Zara is a Blue-Streaked Lory and she is now 11 years old. She is quite the pistol and very animated. When we adopted her we didn't know what we were in for. Though I should have known when I left the zoo and the little escapologist hid in my bag. She has the most beautiful colorings I have seen. She is primarily red with black dispersed in her feathers. She has two dark blue streaks from the corner of her eyes and red with sky blue tips on her neck. She doesn't have belly feathers as she plucks which is now out of habit even though, she is still very beautiful.

There are two species. Lories which have short blunt tails and Lorikeets which have long tapering tails; though this usage can be subjective like parrot and parakeet. They are widely distributed within the Australian region, south-eastern Asia, Polynesian Islands, Papua New Guinea and Timor Leste.
Their plumage is very eye-catching and colorful. Because they are small and extremely beautiful many people want them. Like any parrot, the owner needs to be educated to Lory's special needs, particularly their specialized diet of a nectar replacement. Their droppings are very messy as it is mostly liquid.

We now have Zara a Blue-Streak Lory living amongst the flock and she is different from our other three as they are hookbills and eat a very different diet than Zara. Hookbills have the ability to open nuts and they eat the seed. It is dangerous for a Lory to eat seed as their esophagus lining is very thin and it could literally rip the esophagus lining and kill a Lory.

As to the diet a Lory eats, it sounds complex but it is actually very easy as they eat nectar, juice, fruit, and vegetables. When I feed Zara I mix her nectar powder with water and the temperature should be around 100 degrees Fahrenheit and made into syrup. She also has dry nectar that is near her water.

Lories have a specialized brush tipped-tongue (tufts of papillae, extremely fine hairs) which she uses to pick up her dry nectar and mix with water. Consequently, her droppings are very messy as her diet consists mostly of liquid.

Zara also eats fresh fruit like cantaloupe, apples, oranges, and berries on her fruit kabob. At night I give her a bowl of mixed veggies. Get the frozen veggie bag with peas, carrots, carrots and green beans. Just take out the green beans and lima beans as they are high in iron and Lories cannot break down iron in their liver. Lories are very iron sensitive. To help break down iron in Lory's liver I give Zara milk thistle (alcohol-free!!). As a treat, I give her one grape and she loves it. When feeding a Lory, always check the iron ratio. Lories are a little time-consuming but the reward is immeasurable!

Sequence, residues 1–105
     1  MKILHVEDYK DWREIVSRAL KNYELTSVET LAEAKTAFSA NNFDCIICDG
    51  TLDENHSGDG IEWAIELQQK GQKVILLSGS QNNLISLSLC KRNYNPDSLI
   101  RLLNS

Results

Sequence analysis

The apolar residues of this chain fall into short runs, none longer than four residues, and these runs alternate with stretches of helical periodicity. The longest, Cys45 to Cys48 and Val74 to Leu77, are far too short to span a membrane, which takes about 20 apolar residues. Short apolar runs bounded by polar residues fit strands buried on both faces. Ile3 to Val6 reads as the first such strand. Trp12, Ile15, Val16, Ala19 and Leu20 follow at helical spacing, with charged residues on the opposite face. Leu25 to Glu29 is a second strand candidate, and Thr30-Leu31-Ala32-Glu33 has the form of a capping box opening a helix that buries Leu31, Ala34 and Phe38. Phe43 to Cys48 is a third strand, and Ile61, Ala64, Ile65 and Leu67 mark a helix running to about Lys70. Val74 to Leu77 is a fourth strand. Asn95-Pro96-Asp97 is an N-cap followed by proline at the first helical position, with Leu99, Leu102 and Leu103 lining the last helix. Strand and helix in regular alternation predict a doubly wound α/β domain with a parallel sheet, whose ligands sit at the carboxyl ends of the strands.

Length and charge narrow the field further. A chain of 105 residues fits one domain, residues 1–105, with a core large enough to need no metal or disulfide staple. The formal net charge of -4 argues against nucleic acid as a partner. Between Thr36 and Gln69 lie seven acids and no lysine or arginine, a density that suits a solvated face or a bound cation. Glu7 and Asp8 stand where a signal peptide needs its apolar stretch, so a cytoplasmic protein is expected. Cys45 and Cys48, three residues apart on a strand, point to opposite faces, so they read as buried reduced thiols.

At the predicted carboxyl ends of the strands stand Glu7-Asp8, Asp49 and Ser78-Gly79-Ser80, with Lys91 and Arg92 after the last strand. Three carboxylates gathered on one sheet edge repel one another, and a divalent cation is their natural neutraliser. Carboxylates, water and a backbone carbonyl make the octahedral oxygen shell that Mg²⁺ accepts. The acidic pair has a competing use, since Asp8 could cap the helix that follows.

Lories and Lorikeets are very playful, animated and the class clown. They are very mischievous so they do have to be in a cage when they are left alone. When I leave the house I put Zara in her cage and while we sleep. When Zara sleeps I cover her cage; it gives a sense of security like a child with a blanket.

The Ultramarine Lorikeet is endangered as it is one of the 50 rarest parrots in the wild. The Blue Lorikeet is classified as vulnerable because of the introduction of European rats to the small island habitats in which they live. There have been conservation efforts in relocating these colorful clowns to locations free of predation and destruction.

As I have said Lories and Lorikeets are a very special breed of parrots and require a lot of attention. Keep in mind they are like a domesticated hummingbird only in parrot form.
Lories and Lorikeets are very high-strung and have a lot of energy because the nectar is mainly made up of sugars, their fruit has a lot of sugar and the juice they drink is made up of sugars. They are always on the go. Keeping this in mind they are very enticing as they are small and extremely colorful.

I can leave my other three feathered friends out of their cages when I leave and they will still be sitting where I left them when I get home. Zara, on the other hand, will have roamed the house and needless to say I have to search the house for her.
Zara may seem like a lot of work but she well worth it. I am very pleased she has joined our flock.